Taking inventory in Forestville

FORESTVILLE – The Forestville Dissolution Study Committee met Wednesday to review the village’s assets and debts.

Legislator Rod Rogers explained the name of the committee is misleading because at this point the committee has only been tasked with determining the village’s assets and debts.

He said it would be up to the village board if it would like the committee to go to the next step and look at services.

He also pointed out that this study does not have to go as far as dissolving the village, and could be just shared services, but he believes in getting all the facts and getting them out to the public so that decisions can be made based on facts.

Clerk Jim White presented the committee members with a copy of the village’s land and building assets. He said the machinery assets list was not complete and the fire department had not given a list of its assets at the time of the meeting.

The committee had questions about a piece of property that was traded for the springs property, the assessment on the three parcels making up the fire hall and municipal barns, and the assessment on the municipal barn building.

White suggested one thing for the village to consider would be to sell the timber on the springs property and possibly the property itself. He explained the village has gotten $120,000 in timber sales from the property in the past 12 years and the taxes on the land in Arkwright have been $5,000 per year. He said the village must pay insurance on the property and once the springs are decommissioned it may become a liability since it is outside the village and will not be regularly checked.

Committee Member Chum Bowker was vehemently opposed to the idea of selling the property, arguing that the timber will pay for the property and more.

“It is a great asset. We are not going to get rid of it or sell it,” he said.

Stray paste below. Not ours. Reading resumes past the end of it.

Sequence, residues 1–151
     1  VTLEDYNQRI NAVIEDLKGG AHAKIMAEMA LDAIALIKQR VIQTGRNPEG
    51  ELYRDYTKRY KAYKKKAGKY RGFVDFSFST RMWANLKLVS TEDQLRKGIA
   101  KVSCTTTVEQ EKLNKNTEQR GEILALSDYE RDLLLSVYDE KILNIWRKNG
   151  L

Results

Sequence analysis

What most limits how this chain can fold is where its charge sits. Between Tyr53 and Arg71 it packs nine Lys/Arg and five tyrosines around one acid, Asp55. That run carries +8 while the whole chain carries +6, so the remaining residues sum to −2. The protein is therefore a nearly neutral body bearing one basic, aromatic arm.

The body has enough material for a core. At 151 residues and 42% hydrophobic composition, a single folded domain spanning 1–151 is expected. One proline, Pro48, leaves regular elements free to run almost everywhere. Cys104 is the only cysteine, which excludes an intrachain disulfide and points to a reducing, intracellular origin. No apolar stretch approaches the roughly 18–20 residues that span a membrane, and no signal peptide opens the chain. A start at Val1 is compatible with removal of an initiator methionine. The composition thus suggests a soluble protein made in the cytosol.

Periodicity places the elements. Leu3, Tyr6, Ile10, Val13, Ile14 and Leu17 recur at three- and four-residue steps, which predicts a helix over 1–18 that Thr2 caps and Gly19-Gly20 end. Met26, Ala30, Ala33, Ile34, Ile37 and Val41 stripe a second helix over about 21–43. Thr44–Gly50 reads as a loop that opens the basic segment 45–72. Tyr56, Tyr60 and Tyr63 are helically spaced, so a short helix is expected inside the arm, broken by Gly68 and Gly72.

Bowker added that he believes once the springs are decommissioned, the assessment on the property should drop and therefore the taxes on it will be less.

White said it is a question of which is greater; the value of the timber or the liability to keep the property once it is vacant.

He also said the property is owned by the water fund, which is facing significant debt in the water project and that selling the timber or the land could offset the shortfalls. However, this is something for the village board and the people to decide. White added that he would check to see if the assessment would change once the springs are decommissioned in March.

Next, the committee discussed the debts of the village, which if dissolved, the residents would be responsible to pay back, regardless of dissolution.

White said in addition to the $3.7 million loan for the water project, the village also owes $250,000 for demolition of a building on Main Street, $150,000 for the waterline on Bennett State Road and a few USDA loans on vehicles.

White said the 2009 demolition is listed as an anticipated revenue, but is stuck in court in a lawsuit. He said if the village loses the lawsuit it could face bearing the cost of the $250,000 and may have to pay it off in five years instead of 30 because of the type of loan it is.

Also, White said a water district must be formed on Bennett State Road in order for the village to be able to charge the residents for the $150,000 in work that was done for those out-of-village customers. He said financial consultants at Municipal Solutions said the district must be formed by November for it to be billed with this water project.

Committee Member and Hanover Town Councilman Kevin O’Connell said it is the position of the town that it would like to have all the information on the costs of the projects before it forms any water districts residents may not want if the price is too high.

The committee decided to meet again on Oct. 2 at 1 p.m. in the village hall to review answers to questions and the other asset reports not available.